Glen Hodgson is a senior fellow at the C.D. Howe Institute.
Canada’s tax system should be a cornerstone of strong economic performance, encouraging private investment, higher personal savings and high levels of labour force engagement and work effort while also addressing social priorities such as reducing child poverty. However, populist and opportunistic politics too often drive changes to the tax system, not considered analysis about what is best for long-term economic and employment growth and a healthy society. Is it possible to change how tax policy is made and refocus on the potential benefits to the economy and society?
All too often, proposed changes to the tax system have been designed first and foremost to win popular support, regardless whether there is any hard evidence that it would be good for the economy and society. Numerous recent examples quickly spring to mind.
The Conservative promise over a decade ago to cut the GST rate may have been good politics at the time, but the opposite of what good economics would advise. Lowering sales tax rates encourages more consumption, which does nothing to boost long-term savings, private investment and potential growth – as many private-sector economists reminded the government. Economic analysis suggests sales tax rates should be raised and personal income taxes cut to improve incentives to work and save.
Politically inspired tax policy has cut across party and ideology. For example, increasing the top income tax rate was justified by the current Liberal federal government as a way to improve tax fairness. However, the increase means taxpayers in every province east of Saskatchewan now take home less than 50 cents of every additional dollar earned above $210,000 when combined with provincial income taxes. The economic literature suggests a higher top marginal income tax rate may not automatically yield a windfall in related tax revenues or in fairness.
Another result of incessant political intervention is a patchwork of tax incentives and expenditures, many of which have never been adequately assessed to determine if they are actually achieving their objectives. The result is in an unduly complex Canadian tax system that lacks transparency and is expensive to administer, for both government and taxpayers.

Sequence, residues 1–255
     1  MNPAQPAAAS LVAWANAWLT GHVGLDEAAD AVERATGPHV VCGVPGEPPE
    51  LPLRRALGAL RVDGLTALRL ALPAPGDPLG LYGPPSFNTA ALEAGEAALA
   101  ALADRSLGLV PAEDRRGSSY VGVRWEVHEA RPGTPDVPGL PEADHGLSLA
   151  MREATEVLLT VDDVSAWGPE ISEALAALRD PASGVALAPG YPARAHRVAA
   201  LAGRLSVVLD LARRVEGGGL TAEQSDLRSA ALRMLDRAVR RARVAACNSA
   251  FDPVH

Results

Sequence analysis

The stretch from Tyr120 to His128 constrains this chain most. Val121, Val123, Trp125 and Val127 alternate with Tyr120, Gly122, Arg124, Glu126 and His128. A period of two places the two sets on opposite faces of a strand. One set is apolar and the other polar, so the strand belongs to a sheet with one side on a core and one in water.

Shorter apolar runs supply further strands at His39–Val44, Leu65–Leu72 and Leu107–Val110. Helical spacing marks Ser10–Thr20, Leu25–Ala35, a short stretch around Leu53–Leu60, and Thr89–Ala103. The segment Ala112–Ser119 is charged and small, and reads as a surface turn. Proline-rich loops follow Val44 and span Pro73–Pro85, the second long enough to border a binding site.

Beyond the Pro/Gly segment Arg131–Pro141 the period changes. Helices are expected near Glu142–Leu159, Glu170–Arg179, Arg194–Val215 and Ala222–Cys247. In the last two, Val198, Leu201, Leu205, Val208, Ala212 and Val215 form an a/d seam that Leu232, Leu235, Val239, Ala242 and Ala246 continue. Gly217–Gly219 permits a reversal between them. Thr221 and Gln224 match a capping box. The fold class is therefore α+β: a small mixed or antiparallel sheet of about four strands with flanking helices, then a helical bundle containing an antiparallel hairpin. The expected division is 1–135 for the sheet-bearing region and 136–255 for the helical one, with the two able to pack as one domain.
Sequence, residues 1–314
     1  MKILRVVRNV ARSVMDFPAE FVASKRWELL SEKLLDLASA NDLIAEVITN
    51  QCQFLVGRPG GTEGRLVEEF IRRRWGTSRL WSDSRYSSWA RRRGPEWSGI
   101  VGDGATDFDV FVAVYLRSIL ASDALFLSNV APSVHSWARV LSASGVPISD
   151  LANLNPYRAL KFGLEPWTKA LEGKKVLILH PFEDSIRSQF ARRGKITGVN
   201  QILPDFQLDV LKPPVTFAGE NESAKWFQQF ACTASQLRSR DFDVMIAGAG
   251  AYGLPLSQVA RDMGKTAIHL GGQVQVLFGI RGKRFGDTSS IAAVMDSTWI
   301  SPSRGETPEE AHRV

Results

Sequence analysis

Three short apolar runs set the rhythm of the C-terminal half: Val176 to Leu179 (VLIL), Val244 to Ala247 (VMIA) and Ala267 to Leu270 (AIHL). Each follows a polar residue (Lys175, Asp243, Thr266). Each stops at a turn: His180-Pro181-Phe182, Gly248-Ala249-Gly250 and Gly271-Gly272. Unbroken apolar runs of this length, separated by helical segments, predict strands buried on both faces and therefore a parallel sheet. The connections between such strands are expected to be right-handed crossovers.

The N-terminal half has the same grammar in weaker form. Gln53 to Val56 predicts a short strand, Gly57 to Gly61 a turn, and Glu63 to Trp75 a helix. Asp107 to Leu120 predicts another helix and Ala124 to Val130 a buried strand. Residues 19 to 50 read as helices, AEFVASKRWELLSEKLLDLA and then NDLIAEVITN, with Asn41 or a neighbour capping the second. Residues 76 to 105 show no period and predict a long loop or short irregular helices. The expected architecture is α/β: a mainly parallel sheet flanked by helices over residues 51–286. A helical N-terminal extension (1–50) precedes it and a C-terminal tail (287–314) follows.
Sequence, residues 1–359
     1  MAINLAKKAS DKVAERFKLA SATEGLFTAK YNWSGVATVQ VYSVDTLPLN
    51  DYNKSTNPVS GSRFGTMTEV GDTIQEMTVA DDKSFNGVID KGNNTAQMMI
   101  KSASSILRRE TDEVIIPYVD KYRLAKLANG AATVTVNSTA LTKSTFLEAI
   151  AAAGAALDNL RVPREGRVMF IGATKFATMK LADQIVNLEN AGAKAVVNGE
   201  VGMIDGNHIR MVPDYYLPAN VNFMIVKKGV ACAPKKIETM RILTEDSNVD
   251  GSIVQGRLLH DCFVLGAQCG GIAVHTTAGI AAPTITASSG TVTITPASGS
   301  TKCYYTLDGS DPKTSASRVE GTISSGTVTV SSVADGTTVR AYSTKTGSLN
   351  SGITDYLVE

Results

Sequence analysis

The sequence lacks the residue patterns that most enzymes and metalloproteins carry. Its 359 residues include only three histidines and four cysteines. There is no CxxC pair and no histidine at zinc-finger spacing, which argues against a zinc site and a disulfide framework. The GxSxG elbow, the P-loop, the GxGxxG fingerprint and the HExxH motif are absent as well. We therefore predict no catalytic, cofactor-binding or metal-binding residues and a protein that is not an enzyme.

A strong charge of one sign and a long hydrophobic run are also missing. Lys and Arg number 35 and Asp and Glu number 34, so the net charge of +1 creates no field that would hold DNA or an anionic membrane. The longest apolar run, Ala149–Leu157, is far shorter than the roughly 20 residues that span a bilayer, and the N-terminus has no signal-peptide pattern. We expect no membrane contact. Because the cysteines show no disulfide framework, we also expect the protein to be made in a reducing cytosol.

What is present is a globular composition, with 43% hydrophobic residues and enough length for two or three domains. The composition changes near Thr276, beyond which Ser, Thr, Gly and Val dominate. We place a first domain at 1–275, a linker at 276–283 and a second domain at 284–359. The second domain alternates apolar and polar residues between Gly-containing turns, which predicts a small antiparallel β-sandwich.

The latest example of opportunistic tax politics crowding out good tax policy is carbon pricing. Economists generally support putting a price on carbon because it is the most economically efficient way to reduce greenhouse gas (GHG) emissions. Putting a price on them creates an incentive to innovate and to modify behaviour – consumers can avoid paying the tax by reducing their emissions.
Using the price system to change incentives was once considered a conservative idea. But if you don’t like price signals, the remaining policy options to reduce GHGs are to impose burdensome regulations on business that will eventually also impact consumers, to use subsidies to pick winners in some sectors or to hope for technological breakthroughs.
History shows that political leaders are able on occasion to look past the short term and achieve alignment between successful tax politics and good tax policy. The Harper government successfully reduced corporate income tax rates to improve Canadian business competitiveness, with little serious negative public response.
Ontario’s Liberal government successfully reformed its sales tax system, harmonizing it with the federal GST and got re-elected. BC Liberals (who arguably are really conservatives) successfully introduced a carbon-tax system, with a significant rebate for taxpayers, and also got re-elected. The B.C. economy is now outperforming every other province, so it is hard to argue that carbon taxation has impaired its growth.
What should we do to reduce the central place that inferior tax ideas often occupy in political popularity contests? The Canadian Chamber of Commerce recently called for a royal commission on tax reform. Another approach would be to create a continuing tax review or advisory process separate from the political cycle, where expert and evidence-based analysis could help to develop proposed reforms to the tax system – ideally not just federally, but also provincially and at the municipal level. Serious non-partisan research and public engagement would be critical to its success.
The politicians are not going to give up their power to tax – that’s part of the reason why they run for public office, and why we elect them – but at least we could create a more transparent process of shaping tax policy advice based on expertise, not opportunism.